In early October my new book, Mr Sparks will be released. The eponymous character is not human. He is a ventriloquist’s doll. He’s been around for a long time… a very long time. He tells everyone he meets that he used to be a real boy and quite frankly, his talents exceed those of the various ‘operators’ he’s picked up along the way. His latest sidekick is a young Welsh boy called Owen, who finds himself going to places he doesn’t really want to visit. The same places where I intend to take my readers.

Danny Weston, Mr Sparks

Once again, I’m riffing on a classic fairy tale here; in this case Carlo Collodi’s Pinocchio. And once again, my aim with these particular words on paper is to make the reader feel uneasy… unsettled… and dare I say it? Scared.

Have I succeeded? We’ll have to wait and see.”

Danny Weston

Eek.

 

Yay! YA+

Cumbernauld Theatre

Yesterday saw the long awaited birth of Kirkland Ciccone’s first ever Scottish YA book festival Yay! YA+, and I really appreciate his thoughtfulness in arranging it for the day on which I celebrated my first year in Scotland. Kirkie had lined up ten teen authors, 200 teens and one tardis-like venue in the shape of the Cumbernauld Theatre. In Cumbernauld. He also arranged for the lovely people of Scotia Books to come and sell books, and between you and me, they not only had the good taste to like my sense of humour, but their mobile shop was the best I’ve seen.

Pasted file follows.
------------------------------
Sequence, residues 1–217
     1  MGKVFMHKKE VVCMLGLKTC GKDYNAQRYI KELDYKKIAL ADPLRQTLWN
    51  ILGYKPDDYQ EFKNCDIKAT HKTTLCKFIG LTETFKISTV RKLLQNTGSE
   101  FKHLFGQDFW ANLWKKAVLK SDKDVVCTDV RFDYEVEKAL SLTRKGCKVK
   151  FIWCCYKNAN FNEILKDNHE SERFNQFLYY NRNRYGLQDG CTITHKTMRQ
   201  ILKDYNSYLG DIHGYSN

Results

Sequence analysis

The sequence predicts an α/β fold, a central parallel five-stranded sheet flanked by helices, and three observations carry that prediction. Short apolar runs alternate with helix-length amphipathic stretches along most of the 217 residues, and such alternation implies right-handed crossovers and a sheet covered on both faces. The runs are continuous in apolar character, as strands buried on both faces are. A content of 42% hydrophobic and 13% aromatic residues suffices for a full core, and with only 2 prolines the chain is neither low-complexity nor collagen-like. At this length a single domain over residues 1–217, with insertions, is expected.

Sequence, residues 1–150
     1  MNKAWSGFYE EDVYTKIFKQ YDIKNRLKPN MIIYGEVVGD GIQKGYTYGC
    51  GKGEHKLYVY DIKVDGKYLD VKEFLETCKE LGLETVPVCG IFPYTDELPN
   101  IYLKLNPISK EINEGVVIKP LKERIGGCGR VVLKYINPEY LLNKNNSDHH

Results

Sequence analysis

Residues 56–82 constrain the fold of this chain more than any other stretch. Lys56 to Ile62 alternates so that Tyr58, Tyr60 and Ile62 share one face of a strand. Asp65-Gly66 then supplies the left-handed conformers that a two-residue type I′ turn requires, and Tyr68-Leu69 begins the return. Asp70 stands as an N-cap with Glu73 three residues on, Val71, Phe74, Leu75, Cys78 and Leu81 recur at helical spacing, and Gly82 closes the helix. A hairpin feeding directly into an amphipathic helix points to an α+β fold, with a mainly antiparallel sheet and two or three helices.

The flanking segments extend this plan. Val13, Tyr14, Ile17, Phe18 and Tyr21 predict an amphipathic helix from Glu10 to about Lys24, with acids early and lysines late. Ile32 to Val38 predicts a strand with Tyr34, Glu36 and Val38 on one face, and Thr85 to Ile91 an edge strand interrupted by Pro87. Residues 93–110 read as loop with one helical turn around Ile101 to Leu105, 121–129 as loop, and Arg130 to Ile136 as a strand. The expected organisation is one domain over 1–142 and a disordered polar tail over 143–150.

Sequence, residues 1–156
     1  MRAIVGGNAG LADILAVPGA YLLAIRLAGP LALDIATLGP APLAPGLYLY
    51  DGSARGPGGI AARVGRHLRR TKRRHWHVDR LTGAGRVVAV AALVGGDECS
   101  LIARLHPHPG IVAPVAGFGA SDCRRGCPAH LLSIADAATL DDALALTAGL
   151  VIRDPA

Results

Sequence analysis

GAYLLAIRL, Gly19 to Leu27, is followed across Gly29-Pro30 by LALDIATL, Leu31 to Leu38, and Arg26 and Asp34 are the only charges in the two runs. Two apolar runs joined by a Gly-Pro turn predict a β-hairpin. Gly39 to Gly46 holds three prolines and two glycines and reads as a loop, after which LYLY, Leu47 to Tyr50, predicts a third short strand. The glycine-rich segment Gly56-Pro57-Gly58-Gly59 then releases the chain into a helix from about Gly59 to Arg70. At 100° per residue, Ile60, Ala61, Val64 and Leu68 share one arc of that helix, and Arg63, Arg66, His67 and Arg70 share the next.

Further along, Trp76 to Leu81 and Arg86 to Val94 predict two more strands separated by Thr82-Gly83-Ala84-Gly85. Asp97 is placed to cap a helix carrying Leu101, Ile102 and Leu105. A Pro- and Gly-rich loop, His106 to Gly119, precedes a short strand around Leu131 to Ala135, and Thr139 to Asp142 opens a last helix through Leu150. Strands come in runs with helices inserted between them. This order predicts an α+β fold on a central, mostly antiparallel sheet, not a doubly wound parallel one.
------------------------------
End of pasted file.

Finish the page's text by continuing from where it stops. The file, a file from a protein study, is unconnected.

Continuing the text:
Scotia Books

Once we were all in, Kirkland explained how some authors would ‘be taken out’ and split up into tiny pieces. Yeah. I don’t think he meant that literally. He wanted to say that six of the authors would be ensconced in their own little rooms (=bars and subterranean dressing rooms), where smaller groups of the audience would come to hear them read from their books, or talk about their writing, or anything else they might want to do. Ten times. Eek!

Kirkland Ciccone

Cathy MacPhail

Meanwhile, Cathy MacPhail, Theresa Breslin and Barry Hutchison stayed in the main theatre and each had 25 minutes in which to charm the half of the audience left behind, which they did with real style. Twice. Multi award-winner Cathy started by sharing the trailer to her film Another Me, based on a nightmare she once had. She can see a story in anything (perhaps because she’s from Greenock, where you know everyone), and Cathy is surprised she writes such scary books, when she really is such a nice person.